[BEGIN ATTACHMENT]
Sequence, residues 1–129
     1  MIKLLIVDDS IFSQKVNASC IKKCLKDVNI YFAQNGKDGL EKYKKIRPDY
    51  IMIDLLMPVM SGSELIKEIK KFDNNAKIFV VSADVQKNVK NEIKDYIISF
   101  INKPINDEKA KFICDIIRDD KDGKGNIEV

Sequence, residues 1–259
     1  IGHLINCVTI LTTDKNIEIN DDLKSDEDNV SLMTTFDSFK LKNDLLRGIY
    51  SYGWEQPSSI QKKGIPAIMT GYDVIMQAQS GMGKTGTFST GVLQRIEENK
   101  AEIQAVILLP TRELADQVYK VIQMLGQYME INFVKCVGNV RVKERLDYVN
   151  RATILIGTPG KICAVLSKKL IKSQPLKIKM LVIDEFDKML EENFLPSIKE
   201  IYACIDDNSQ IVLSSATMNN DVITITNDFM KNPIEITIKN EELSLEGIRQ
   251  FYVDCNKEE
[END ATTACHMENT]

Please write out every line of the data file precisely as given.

Sequence, residues 1–129
     1  MIKLLIVDDS IFSQKVNASC IKKCLKDVNI YFAQNGKDGL EKYKKIRPDY
    51  IMIDLLMPVM SGSELIKEIK KFDNNAKIFV VSADVQKNVK NEIKDYIISF
   101  INKPINDEKA KFICDIIRDD KDGKGNIEV

Sequence, residues 1–259
     1  IGHLINCVTI LTTDKNIEIN DDLKSDEDNV SLMTTFDSFK LKNDLLRGIY
    51  SYGWEQPSSI QKKGIPAIMT GYDVIMQAQS GMGKTGTFST GVLQRIEENK
   101  AEIQAVILLP TRELADQVYK VIQMLGQYME INFVKCVGNV RVKERLDYVN
   151  RATILIGTPG KICAVLSKKL IKSQPLKIKM LVIDEFDKML EENFLPSIKE
   201  IYACIDDNSQ IVLSSATMNN DVITITNDFM KNPIEITIKN EELSLEGIRQ
   251  FYVDCNKEE